So you are ready. You’ve joined (or started) your circle. The toolkit has been consulted, the ground rules have been laid, you’ve prepared your own book of progress and the quest to follow Franklin to moral perfection is afoot. Now what?
Ben has laid the course before you; thirteen weeks, one new virtue per week (or month), moral perfection at the end. What could be easier? Well, frankly, lots of things. Moral perfection and global betterment are not easy. So where to start?
This is your course to undertake and you may choose to start anywhere you wish. Franklin chose Temperance as the first virtue and had a reason for doing so which he described in his autobiography:
“Temperance first, as it tends to procure that coolness and clearness of head, which is so necessary where constant vigilance was to be kept up, and guard maintained against the unremitting attraction of ancient habits, and the force of perpetual temptations.”
I, notwithstanding Ben’s reasoning, would not have picked temperance as virtue number one. I, like Ben, have my reasons. “Hi, my name is Cameron and I am an overeater.” I was a husky child who developed into a doughy adolescent. The first nickname I remember having bestowed on me (by a particularly nasty basketball teammate) was “Fat Chance”. It was a reference to my girth and my low shooting percentage.
So temperance was always going to be the toughest of the virtues for me and to start off with it seemed like pre-ordaining a pathway to failure. Despite that, out of respect for Franklin’s own success, I decided to follow his order. I’ll start by telling you what did not work.
As I started my course I was warned against too literal an interpretation of temperance but the need for some personal corporeal reduction beckoned. Thus, I chose to “eat not to dullness”. After all, it was Franklin who said, “I guess I don’t so much mind being old, as I mind being fat and old.”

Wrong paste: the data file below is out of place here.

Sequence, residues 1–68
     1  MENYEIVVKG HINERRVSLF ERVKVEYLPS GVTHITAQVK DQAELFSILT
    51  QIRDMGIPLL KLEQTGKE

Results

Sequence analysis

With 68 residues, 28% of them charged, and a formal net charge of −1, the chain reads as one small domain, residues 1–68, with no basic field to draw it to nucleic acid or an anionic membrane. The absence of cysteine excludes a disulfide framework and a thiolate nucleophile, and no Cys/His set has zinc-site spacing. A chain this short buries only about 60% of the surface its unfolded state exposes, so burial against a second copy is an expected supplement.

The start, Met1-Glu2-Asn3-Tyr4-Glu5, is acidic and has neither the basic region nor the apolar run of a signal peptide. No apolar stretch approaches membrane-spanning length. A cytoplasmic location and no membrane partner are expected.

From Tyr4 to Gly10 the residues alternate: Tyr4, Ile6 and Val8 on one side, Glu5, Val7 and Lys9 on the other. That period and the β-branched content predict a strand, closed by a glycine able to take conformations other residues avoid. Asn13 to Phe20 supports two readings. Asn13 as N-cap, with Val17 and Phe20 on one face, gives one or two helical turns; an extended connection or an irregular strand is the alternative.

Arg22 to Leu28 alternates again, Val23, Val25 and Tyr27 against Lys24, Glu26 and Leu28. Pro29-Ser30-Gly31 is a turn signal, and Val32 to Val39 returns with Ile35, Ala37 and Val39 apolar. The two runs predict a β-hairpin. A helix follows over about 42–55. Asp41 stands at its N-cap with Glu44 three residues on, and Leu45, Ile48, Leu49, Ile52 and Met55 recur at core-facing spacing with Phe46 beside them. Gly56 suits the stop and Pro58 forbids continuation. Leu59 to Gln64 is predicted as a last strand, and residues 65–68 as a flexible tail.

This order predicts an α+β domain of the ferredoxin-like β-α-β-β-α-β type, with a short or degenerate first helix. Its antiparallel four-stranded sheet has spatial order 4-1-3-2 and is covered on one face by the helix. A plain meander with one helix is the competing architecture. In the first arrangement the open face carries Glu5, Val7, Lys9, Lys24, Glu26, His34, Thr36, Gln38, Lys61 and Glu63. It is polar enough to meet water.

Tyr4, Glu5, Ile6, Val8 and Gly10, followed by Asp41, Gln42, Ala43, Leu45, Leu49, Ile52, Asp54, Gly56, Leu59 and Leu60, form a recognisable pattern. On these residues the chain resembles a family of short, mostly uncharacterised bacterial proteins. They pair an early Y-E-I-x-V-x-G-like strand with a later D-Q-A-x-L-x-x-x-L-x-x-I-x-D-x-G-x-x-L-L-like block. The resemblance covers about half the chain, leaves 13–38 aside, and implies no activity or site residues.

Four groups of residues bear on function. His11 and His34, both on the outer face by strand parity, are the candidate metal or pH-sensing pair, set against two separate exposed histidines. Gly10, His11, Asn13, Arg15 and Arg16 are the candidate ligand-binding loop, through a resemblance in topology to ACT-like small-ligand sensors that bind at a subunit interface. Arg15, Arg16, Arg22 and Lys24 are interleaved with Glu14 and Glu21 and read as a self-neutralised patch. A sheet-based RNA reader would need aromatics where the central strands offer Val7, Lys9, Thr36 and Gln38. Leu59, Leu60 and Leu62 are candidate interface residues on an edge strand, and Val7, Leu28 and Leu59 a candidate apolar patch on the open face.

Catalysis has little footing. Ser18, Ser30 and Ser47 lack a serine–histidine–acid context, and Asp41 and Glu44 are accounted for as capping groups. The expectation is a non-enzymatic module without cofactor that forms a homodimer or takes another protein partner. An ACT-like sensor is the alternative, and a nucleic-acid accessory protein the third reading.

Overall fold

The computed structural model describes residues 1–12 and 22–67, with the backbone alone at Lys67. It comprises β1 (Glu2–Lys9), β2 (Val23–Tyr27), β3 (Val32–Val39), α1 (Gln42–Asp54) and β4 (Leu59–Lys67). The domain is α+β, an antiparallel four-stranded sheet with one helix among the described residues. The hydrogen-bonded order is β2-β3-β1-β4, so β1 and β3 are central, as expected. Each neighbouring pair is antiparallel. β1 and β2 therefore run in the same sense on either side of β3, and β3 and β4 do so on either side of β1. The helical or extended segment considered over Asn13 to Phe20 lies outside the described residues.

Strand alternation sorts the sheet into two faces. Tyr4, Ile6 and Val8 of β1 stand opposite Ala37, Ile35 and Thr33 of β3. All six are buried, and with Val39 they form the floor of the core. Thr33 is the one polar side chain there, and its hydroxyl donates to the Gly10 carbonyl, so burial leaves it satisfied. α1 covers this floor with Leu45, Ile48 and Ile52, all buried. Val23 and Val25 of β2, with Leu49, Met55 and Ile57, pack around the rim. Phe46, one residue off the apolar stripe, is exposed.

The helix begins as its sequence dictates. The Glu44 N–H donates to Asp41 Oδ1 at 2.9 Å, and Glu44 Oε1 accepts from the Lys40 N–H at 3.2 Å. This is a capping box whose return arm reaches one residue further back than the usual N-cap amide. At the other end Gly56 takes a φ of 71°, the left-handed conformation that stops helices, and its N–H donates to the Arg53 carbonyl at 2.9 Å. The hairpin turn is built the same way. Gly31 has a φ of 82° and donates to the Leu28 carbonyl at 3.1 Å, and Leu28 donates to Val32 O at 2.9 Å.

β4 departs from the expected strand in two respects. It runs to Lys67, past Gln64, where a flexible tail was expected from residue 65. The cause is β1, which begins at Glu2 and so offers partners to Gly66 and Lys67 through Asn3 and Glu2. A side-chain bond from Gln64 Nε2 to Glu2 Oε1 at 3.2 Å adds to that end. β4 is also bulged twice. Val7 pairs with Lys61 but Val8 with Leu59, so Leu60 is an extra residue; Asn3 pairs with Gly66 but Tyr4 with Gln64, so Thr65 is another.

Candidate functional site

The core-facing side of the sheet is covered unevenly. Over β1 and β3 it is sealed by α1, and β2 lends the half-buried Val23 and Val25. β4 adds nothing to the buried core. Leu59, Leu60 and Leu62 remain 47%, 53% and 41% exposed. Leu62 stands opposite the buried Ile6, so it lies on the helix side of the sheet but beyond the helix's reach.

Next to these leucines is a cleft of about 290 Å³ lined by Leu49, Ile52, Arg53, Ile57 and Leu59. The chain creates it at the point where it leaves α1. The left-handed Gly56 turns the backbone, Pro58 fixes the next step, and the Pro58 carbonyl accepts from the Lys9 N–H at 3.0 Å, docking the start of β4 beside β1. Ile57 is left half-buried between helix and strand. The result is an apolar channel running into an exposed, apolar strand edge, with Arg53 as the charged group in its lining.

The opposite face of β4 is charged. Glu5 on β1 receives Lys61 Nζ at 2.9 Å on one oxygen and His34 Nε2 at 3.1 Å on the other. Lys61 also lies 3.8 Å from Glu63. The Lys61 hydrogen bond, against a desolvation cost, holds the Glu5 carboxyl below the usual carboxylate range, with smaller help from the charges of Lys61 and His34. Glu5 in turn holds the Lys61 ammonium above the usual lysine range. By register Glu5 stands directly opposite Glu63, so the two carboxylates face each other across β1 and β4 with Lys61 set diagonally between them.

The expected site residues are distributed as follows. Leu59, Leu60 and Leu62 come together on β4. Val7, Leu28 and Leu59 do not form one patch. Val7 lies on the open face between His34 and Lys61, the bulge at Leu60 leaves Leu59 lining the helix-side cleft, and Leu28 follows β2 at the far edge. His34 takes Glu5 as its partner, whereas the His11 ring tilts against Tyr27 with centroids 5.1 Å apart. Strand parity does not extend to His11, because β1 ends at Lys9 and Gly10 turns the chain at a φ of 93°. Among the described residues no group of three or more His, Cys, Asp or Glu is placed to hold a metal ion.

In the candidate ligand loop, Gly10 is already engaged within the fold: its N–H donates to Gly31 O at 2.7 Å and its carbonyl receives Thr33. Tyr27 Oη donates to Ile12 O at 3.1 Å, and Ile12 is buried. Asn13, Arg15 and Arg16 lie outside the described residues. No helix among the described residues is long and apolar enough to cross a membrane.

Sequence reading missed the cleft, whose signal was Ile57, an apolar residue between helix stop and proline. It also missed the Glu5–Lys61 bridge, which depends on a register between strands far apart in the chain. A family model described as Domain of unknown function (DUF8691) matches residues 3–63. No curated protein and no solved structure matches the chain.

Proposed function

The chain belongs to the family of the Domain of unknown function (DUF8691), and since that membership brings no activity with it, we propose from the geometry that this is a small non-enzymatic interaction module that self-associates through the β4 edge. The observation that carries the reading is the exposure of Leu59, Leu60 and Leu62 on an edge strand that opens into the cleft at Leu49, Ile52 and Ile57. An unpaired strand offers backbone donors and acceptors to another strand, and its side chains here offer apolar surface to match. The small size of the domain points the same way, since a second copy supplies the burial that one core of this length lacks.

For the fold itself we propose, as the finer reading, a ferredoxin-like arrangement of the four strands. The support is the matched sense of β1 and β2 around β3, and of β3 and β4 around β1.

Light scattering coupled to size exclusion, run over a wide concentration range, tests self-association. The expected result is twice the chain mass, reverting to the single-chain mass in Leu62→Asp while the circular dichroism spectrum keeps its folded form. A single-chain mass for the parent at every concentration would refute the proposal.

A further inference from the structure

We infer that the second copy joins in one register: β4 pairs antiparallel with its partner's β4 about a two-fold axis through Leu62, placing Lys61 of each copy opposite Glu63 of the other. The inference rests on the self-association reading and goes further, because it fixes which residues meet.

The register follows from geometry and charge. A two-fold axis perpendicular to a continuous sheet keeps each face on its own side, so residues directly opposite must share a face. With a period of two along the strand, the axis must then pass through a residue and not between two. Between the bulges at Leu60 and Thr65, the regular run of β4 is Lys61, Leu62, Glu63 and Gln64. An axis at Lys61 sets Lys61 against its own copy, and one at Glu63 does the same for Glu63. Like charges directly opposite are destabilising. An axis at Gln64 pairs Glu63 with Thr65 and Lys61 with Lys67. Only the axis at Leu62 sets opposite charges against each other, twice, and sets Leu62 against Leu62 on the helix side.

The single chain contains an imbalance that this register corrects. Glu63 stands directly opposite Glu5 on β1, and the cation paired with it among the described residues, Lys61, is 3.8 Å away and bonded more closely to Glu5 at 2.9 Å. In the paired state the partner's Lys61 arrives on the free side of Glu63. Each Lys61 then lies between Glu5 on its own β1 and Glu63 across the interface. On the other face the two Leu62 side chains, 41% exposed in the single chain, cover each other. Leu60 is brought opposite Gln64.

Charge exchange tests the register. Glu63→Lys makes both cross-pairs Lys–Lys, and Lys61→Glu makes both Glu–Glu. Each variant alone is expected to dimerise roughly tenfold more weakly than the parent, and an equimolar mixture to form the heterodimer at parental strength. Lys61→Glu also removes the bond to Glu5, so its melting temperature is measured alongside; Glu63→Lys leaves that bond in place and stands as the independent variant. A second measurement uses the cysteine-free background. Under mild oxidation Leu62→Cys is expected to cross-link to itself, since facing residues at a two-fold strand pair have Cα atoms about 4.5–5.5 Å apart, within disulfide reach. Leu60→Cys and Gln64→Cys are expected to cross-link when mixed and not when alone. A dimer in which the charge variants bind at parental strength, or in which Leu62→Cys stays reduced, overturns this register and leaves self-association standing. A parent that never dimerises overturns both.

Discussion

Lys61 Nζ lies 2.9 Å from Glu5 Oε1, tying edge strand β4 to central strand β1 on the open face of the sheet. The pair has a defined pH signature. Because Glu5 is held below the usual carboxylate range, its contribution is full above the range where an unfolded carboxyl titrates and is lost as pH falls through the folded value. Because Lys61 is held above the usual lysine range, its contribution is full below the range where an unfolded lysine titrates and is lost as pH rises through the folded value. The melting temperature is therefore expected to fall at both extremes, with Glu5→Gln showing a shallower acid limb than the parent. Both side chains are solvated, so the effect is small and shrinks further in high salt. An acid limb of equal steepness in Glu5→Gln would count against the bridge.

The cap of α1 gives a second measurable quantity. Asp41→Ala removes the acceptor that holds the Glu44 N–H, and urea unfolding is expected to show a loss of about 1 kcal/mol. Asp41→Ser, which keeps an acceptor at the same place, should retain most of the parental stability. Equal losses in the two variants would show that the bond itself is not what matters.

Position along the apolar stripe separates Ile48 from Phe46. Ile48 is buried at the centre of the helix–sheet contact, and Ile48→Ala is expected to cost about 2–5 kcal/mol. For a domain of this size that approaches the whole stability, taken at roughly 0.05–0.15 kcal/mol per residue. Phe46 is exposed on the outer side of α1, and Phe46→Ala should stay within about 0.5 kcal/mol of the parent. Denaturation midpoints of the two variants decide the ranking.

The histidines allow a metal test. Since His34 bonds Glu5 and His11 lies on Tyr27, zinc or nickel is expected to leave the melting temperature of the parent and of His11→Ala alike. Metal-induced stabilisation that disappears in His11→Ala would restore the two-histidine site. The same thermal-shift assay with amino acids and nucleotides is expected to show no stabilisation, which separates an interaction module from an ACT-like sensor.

So how does one combine the desire for change, a nagging need to adhere to Franklin’s course and the hopeful possibility of initial success? I decided that the secret was in setting the bar (relatively) low. I reasoned that I needed an early success but was fighting against a lifetime of eating failures. Like a staggering percentage of the population I had tried and failed at various weight loss programs so I knew that the virtue of temperance stood a reasonable chance of being badly abused if I aimed too high. Accordingly, I took the path of moral mediocrity and pledged not to snack between meals or eat after supper.
Having decided on a plan, I weighed myself (a sobering activity), fortified my resolve by reading some of Ben’s poems of inspiration and set forth on my quest. One week later I was…about the same.
There were no epic successes or failures on my week of temperance. For the most part I had adhered to my plan, though there were slips. I certainly sensed no great moral improvement, but rather I feared that, in week one, that I had already failed. Not a gnashing of the teeth, wringing of the hands, pulling of the beard kind of angst that the whole thing was for naught, but rather a gentle disappointment in my efforts. I thought I would feel better about myself and I really felt about the same.
How can you avoid this fate? Here are my three suggestions:
1) Aim Higher and Longer:
I looked temperance in the eye and I blinked. My no snacking edict was less than inspirational. Part of my low goal setting problem was that I was concerned only with that first week. If it is your inclination to take the same literal view of temperance that I did, then I suggest you also think more long term. Think of a program of healthy eating and exercise that you can maintain over the whole course of virtues. Franklin, after all, intended that the virtues be maintained and cumulative. A longer, more life affirming program of temperance will, I think, make you feel more accomplished and committed;
2) Find a Friend:
This should be easy as you are likely in or contemplating joining a circle. I went at temperance alone. A temperate buddy would have been a motivator. Find a friend to help with your course and success can be shared;
3) Give Yourself a Break:
I was too hard on myself. Changing habits is hard and even incremental success is success. Don’t view a slip as a failure or inertia as permanent. Forgive yourself your transgressions, celebrate the little successes and move forward with Franklin.